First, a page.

Astronomical Twilight:

We are nearly fully engulfed by darkness when the Sun is at least 12 degrees below the horizon but not more than 18 degrees – this is known as astronomical twilight.

Astronomical dawn and dusk, as the name says, are excellent for astronomical exploration, but for typical photographers, this period is not particularly beneficial unless you photograph a lighted metropolis. Of course, astrophotography is an exception.

Twilight is sometimes indistinguishable from midnight — the period when the Sun is more than 18 degrees below the horizon. This is especially true in locations with a lot of light pollution.

While most sharp objects may be seen during astronomical twilight, certain dim and distant stars can only be seen after astrological nightfall or before astronomical dawn. This is the second explanation behind the phases’ names. Only at night can the tiniest things in the sky be seen.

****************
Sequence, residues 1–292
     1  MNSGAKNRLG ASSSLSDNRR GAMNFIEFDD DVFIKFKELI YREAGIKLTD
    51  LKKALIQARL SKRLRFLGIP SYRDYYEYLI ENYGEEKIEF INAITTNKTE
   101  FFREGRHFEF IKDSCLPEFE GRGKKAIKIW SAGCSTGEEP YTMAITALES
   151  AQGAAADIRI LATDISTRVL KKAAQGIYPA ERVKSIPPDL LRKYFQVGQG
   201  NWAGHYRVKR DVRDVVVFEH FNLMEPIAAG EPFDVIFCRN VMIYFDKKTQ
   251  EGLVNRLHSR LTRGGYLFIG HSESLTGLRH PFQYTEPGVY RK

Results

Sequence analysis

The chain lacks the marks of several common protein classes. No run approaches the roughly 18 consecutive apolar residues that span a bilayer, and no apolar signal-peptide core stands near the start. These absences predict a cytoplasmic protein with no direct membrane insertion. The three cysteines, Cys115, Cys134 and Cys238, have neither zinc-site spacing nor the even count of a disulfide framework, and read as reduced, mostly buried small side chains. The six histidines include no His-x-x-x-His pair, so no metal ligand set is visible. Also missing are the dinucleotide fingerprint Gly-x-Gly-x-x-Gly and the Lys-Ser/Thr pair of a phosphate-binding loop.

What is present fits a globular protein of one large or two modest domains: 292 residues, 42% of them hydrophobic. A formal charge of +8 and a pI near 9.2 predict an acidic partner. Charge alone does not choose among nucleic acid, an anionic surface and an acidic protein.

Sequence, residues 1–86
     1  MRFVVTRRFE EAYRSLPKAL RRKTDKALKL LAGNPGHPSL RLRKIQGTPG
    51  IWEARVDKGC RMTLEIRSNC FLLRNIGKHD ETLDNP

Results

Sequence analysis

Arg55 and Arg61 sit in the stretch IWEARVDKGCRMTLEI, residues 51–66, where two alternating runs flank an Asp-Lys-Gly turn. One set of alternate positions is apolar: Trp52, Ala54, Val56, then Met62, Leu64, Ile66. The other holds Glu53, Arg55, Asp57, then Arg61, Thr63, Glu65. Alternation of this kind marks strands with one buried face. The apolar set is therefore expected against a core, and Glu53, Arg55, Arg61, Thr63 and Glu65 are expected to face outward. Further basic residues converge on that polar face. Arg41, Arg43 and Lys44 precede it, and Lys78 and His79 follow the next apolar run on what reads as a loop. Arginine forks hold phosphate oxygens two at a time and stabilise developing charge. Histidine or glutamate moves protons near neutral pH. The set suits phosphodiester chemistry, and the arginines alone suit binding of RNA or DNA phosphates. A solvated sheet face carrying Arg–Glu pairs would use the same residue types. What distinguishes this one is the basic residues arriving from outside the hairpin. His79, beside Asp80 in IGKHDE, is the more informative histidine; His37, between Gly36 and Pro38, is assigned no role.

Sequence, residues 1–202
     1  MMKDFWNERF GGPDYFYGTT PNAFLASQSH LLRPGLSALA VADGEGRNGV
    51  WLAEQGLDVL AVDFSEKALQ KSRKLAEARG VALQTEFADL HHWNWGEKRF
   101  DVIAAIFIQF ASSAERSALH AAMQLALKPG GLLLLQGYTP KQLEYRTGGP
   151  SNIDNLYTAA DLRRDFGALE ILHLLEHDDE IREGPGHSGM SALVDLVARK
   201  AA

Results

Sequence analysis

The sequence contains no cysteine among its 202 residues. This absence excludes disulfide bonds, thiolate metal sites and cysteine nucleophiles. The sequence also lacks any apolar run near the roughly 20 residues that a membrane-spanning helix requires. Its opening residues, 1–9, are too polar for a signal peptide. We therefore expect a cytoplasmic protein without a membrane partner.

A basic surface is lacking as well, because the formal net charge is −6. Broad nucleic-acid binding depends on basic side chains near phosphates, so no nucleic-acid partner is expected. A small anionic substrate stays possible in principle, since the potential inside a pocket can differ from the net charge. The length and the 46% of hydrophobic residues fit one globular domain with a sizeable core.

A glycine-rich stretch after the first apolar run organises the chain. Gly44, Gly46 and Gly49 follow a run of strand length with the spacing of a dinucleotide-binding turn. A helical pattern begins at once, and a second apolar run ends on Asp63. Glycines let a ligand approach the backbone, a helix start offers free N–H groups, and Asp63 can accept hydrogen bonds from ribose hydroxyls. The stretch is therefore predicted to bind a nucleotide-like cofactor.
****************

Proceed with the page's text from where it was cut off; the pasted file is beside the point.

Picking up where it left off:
The True Night-Time

Understanding what time it is at night may be very simple. The genuine night begins when all of the twilight stages have passed. Essentially, the night is complete blackness, as there is no light pollution from the Sun. The optimum time to observe the stars is at night, and an astronomer should wait until he can no longer see the Sun’s waning light near the horizon.

The night is defined scientifically as the period when the Sun’s center is between 18o and 90o below the horizon. It is crucial to note that nighttime is impacted by various factors, including position relative to the equator and seasons.

The night is an excellent time to study the sky and its beauties. Those who are interested in astrophotography will be able to snap stunning photographs of the Milky Way, the Aurora Borealis, and other sky occurrences.

How long does it take to go dark after sunset in my area?